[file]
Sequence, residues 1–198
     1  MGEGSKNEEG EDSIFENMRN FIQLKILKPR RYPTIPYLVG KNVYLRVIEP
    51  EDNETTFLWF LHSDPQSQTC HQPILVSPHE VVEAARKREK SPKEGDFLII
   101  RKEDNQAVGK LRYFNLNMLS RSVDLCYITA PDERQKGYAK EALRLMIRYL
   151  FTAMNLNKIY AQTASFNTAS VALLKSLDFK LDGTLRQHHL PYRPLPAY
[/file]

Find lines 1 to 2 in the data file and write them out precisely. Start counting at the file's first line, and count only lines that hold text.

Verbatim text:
Sequence, residues 1–198
     1  MGEGSKNEEG EDSIFENMRN FIQLKILKPR RYPTIPYLVG KNVYLRVIEP